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I’ve concluded that I’m no gardener

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By Janny Wilcke

Several events over the past week have convinced me that, in spite of a lifetime of self-delusion, I am no gardener. I love gardens. I grew up surrounded by beautiful flower gardens that my father tended fastidiously. And in the summers we enjoyed the produce grown in a large vegetable garden in one of our fields. I can still remember the first juicy bites of warm tomatoes picked right off the vine. My love for eating vegetables is surely a consequence of all the fresh sweet corn, beets, beans, swiss chard, cucumbers, peas and tomatoes that my parents grew on our New York State farm. 

Regrettably, as much as I adore flowers and vegetables and watching them grow, I just plain do not like the heavy work involved in readying the soil to plant and, frankly, I hate weeding. This is difficult for me to confess, given the fact that I have always seen myself as a pioneer, back-to-nature, do-it-yourself person. But let me tell you about this week’s adventures in my rock/tomato garden. Yes, I gave up on flowers again this year and planted tomatoes, figuring I could tend them pretty easily.

Thursday I decided to straighten some of the rocks on the perimeter of my garden.  I turned over a rock and there was a huge, active wasps’ nest on the underside. Because I had recently been stung by a wasp while moving our large Rumpke garbage container, I panicked and ‘dropped and rolled’ as I was taught to do in case of a fire. But I recovered, the wasps calmed down, and I turned over another rock. I am not kidding – there was a small snake (about the size of the one that killed Cleopatra) under this next rock. If there is one species I positively hate, it is snakes. Spiders aren’t great but they don’t panic me the way that snakes do. And the assurance that my husband gave me later, “It was likely just a harmless garter snake,” seemed a contradiction in terms. To me, even a “harmless” snake has the power to scare me to death, if that’s possible.

Getting back to the garden; I turned over a third rock to find another wasps’ nest, again covered with wasps, so again I ‘dropped and rolled.’  I decided to try once more, although God only knows why. Flip went the rock, and flip went my heart as there was another snake under that one! I had had enough. I went to The Dollar Store and bought the best wasp spray they had. I figured at least my husband could eliminate the wasps for me when he got home from work. Which he did, but I had the strong feeling that he also sprayed my tomatoes. I am not a fan of pesticides, and so there is no way that I’m going to eat tomatoes that may have been covered in spray when the directions on the can say explicitly not to contaminate food. So, there you have it – after a whole summer’s labor, we ended up with very few edible tomatoes to show for it.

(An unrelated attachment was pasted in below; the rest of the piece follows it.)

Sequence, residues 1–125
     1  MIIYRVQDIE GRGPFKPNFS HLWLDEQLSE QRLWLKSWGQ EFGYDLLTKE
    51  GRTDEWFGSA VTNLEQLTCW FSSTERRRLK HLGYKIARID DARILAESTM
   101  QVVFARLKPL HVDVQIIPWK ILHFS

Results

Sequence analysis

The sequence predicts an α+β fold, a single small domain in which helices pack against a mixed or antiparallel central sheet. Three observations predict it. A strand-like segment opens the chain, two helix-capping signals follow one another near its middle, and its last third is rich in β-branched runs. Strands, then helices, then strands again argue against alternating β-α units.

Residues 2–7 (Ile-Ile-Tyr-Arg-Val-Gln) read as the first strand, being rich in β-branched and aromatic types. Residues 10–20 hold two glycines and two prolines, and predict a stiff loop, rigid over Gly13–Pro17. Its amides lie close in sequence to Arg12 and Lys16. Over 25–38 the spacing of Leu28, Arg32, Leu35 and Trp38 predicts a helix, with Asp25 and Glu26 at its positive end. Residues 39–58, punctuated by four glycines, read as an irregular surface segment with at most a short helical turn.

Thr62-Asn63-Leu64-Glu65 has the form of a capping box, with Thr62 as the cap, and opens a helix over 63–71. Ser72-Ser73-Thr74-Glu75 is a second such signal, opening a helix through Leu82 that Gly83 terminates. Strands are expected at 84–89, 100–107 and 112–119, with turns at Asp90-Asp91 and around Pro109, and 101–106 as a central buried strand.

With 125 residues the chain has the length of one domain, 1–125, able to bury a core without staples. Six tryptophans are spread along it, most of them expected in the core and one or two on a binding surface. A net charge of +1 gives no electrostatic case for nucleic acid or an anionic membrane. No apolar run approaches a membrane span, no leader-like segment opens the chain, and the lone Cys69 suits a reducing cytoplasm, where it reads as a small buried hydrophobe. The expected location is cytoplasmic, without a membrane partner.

My son-in-law’s mother gave me one of those hanging planters in which you can plant tomatoes upside down. I absolutely love it. No soil preparation and no weeding. I hung it on my porch and every day I check the tomatoes and am happy to see them grow and ripen. I grew lots of marigolds from seeds in pots and I enjoy them, and I have some very nice houseplants. I know how to propagate African Violets, and over the years I’ve had good success growing them. But the pleasures of turning over hard soil and weeding for hours on end in the hot sun have eluded me.

So this week I finally have decided that I’m giving up on my rock/tomato garden. I have had it for about ten years and have come to grips with reality. I am never going to take care of it the way that I should. So what now? I could allow it to revert to lawn so I could mow it, but that would mean moving the rocks. And who knows what lies beneath them? More than likely it will deteriorate into a weed garden, an eyesore set off from the rest of the lawn by a wall of rocks – a permanent reminder of my failure to be the “earth mother” of my dreams. It will keep me humble.